Hurricane Fly bids to join the immortals by securing a third victory in what promises to be an enthralling renewal of the Stan James Champion Hurdle at Cheltenham on Tuesday.
Having recorded a world record 19 Grade One victories including four Irish Champion Hurdles, four Rabobank Champion Hurdles and his two Festival triumphs, the Willie Mullins-trained superstar's place in history is already secure.
The last 10-year-old to win hurdling's biggest prize was the brilliant Sea Pigeon in 1980, who, incidentally, also struck as an 11-year-old.
Hurricane Fly dispelled any notion a son of Montjeu would not come up the Cheltenham hill when striking gold in 2011, while 12 months ago he became the first horse since Comedy Of Errors in 1975 to regain the Champion Hurdle crown having lost it.
Five horses have won the race three times in Hatton's Grace (1949, 1950, 1951), Sir Ken (1952, 1953, 1954), Persian War (1968, 1969, 1970), See You Then (1985, 1986, 1987) and Istabraq (1998, 1999, 2000).
A plethora of young pretenders lie in wait for Hurricane Fly's return to Prestbury Park, but Mullins could not be happier with his pride and joy after assessing his well-being at the track on Monday morning.
Mullins said: "His preparation has gone well and he has travelled over well. He's been out this morning and we're very happy with him.
"He looks very good and appears in good form.
"It is a very hot race, as a Champion Hurdle should be, but we are just focusing on our own horse and we are very happy with where we are with him.
"The track looks very good and I haven't any concerns about the ground."
The general consensus is Hurricane Fly is not as effective at Cheltenham as he is at Leopardstown and Punchestown.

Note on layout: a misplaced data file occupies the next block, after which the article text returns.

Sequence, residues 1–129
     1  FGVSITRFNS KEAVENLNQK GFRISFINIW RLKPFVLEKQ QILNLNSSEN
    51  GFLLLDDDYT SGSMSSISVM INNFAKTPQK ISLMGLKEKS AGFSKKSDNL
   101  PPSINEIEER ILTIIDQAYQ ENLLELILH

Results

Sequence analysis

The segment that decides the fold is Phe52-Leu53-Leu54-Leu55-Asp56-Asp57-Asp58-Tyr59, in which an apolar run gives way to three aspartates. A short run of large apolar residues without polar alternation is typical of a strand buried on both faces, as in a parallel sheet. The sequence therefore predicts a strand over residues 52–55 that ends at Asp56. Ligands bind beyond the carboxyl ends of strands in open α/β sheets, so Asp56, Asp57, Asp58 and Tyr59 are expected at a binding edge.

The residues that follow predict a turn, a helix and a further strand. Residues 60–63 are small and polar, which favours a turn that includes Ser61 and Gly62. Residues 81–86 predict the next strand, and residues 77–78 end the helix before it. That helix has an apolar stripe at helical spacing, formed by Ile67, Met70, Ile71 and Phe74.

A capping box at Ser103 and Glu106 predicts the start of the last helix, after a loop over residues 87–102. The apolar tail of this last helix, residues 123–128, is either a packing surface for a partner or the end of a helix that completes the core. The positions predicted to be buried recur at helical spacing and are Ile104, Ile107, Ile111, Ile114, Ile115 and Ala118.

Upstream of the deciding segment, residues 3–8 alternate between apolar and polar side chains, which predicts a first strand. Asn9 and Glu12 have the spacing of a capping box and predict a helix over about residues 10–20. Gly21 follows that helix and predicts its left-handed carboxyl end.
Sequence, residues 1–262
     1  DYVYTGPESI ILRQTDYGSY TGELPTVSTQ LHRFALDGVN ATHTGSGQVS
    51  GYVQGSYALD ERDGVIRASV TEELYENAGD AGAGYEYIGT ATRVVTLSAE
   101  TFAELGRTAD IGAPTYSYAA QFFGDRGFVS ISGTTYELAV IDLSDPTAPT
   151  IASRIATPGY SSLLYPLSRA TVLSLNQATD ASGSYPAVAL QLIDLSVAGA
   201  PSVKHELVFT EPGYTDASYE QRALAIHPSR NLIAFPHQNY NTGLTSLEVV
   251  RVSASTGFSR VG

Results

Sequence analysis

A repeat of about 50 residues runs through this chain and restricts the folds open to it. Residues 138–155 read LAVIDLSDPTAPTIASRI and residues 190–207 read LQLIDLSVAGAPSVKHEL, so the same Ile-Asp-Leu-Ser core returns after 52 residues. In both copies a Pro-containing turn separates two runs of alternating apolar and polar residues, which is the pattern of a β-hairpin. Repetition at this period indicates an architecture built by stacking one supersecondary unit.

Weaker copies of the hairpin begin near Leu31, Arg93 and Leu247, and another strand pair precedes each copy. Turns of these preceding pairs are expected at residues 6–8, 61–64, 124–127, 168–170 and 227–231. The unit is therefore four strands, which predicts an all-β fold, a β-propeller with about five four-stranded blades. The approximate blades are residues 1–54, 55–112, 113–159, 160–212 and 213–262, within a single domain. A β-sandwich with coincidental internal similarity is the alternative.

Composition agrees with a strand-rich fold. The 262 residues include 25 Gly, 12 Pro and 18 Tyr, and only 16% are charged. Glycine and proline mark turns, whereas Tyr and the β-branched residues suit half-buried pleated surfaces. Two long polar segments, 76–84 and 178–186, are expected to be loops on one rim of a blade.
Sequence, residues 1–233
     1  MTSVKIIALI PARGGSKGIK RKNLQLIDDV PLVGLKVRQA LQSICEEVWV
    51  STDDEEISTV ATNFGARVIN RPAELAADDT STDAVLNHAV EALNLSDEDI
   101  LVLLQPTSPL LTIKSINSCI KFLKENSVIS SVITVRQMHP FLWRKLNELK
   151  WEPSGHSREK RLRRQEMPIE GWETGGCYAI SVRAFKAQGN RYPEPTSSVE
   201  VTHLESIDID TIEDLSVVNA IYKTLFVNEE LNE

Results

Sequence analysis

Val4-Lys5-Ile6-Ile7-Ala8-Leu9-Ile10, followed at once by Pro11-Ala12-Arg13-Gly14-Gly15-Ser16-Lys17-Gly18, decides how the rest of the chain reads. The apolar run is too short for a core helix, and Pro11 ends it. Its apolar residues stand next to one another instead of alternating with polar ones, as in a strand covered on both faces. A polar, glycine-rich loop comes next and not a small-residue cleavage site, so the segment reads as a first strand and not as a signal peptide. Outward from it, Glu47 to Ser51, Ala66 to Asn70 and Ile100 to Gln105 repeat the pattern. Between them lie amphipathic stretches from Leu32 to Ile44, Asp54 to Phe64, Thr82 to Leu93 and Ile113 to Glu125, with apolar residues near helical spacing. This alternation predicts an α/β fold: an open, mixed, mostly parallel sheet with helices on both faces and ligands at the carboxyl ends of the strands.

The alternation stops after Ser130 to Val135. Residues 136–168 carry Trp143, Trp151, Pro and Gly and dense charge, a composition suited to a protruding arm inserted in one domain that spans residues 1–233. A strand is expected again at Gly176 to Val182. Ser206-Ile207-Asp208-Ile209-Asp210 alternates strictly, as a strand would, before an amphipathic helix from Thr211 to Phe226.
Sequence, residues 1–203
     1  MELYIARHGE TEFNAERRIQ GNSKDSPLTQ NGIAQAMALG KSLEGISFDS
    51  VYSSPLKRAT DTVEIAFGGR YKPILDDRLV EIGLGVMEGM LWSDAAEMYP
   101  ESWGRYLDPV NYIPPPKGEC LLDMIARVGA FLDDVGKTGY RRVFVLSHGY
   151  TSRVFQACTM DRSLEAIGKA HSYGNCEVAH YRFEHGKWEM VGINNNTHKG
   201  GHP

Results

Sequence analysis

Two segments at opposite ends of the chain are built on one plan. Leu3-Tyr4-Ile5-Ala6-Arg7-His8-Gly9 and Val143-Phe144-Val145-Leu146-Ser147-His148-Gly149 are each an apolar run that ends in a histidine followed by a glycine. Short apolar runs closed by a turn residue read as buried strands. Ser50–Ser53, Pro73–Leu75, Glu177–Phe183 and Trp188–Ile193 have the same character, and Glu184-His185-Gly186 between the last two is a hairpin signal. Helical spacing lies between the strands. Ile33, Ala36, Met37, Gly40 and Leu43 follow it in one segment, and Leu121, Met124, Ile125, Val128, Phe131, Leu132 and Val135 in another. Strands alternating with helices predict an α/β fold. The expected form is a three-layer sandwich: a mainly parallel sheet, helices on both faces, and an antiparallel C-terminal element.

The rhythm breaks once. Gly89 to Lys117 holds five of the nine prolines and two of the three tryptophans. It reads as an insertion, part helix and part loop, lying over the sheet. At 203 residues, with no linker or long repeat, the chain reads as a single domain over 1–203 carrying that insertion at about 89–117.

However, big-race jockey Ruby Walsh does not necessarily agree, apportioning plenty of blame on himself when assessing why the champion has not been as impressive as in his homeland.
"He was too free the first year. I sat too far back on him the second year - he wasn't 100 per cent - and last year I shouldn't have followed the ones in front," Walsh told Racing UK.
"They were going too fast and I followed them. I shouldn't have.
"Racing is about pace, about judgement. I knew they were going too fast. I should have backed my own judgement and stayed where I was but instead I was thinking of all the criticism I got the year before and I kept following them.
"That was the mistake I made and the horse got me out of it. It won't happen again.
"If I hadn't followed the pace last year I'd have arrived turning in hard on the bridle and he'd have blown everybody away. But he still managed to win.
"I don't think I've done things right on him at Cheltenham. The day I'll get it right, he'll show England what he's shown Ireland."
Live television coverage of the Cheltenham Festival from 13:25 from Tuesday 11 to Friday 14 March on RTÉ One and RTE.ie (Ireland only). Live radio coverage from 13:00 each day on RTÉ Radio 1 Extra, LW 252 and RTÉ.ie (Worldwide). Television highlights from 19:00 each evening on RTÉ Two and RTE.ie (Ireland only).